2016 has seen a marked change in the number of distinct titles available on Subscription Video On-Demand (SVoD) services. As the sector continues to mature, the general market trend has been towards refinement and reduction of content libraries, with the majority of platforms showing signs of tailoring and reducing offerings over the year. However, there are exceptions to this, with the most notable being that of Prime Video. Amazon’s on-demand subscription service has increased its content quantity by nearly two thirds over the past 12 months.
The reasoning for the reduction in available content and platforms is twofold. Firstly, following the boom in SVoD platforms in recent years, some providers are beginning to exit the SVoD market, and in the notable case of HBO Go in the Netherlands, finding greater profitability through more traditional carriage business models. Secondly, SVoD services are beginning to refine their catalogues and remove content with low viewership. Using internal viewing data they are able to better provide and target subscribers with popular content, and therefore reduce unnecessary content acquisition spend. Netflix, for example, has overseen a decrease in library size of over 7% in its largest market, the USA.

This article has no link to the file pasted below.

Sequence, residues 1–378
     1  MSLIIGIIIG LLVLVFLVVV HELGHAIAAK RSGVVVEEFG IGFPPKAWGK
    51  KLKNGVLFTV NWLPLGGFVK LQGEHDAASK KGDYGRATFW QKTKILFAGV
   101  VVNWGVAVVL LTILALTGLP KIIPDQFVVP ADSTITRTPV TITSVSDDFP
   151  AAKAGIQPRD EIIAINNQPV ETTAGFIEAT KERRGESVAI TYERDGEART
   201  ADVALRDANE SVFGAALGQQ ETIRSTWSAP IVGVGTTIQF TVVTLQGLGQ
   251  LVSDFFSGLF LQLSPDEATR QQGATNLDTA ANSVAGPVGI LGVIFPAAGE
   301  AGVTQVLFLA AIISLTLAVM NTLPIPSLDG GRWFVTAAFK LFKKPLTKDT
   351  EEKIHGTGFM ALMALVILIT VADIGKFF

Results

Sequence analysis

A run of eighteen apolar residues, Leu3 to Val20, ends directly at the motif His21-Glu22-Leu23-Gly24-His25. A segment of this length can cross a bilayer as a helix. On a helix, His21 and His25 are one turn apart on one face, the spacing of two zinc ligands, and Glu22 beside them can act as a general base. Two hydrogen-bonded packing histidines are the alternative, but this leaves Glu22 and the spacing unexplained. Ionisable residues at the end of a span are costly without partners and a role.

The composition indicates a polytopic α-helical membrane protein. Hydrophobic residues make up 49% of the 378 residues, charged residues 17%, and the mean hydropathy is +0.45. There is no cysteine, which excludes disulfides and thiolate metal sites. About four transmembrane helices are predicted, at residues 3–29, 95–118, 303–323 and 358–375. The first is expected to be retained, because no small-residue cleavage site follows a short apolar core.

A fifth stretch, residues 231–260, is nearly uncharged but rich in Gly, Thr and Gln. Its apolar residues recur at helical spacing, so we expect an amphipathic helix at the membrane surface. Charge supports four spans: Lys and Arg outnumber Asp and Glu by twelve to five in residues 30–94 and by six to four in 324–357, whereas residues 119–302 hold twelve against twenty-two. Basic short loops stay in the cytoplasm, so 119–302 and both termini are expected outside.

A key reason for Amazon bucking the trend is the launch of its direct-to-consumer content hosting platform, Video Direct. This provides another avenue to increase traffic on its website and hence pickup of its other services. For the bulk of the market however, Ampere believes the drive will continues towards smaller, constantly changing, libraries of higher quality content in order to hold the interest of viewers.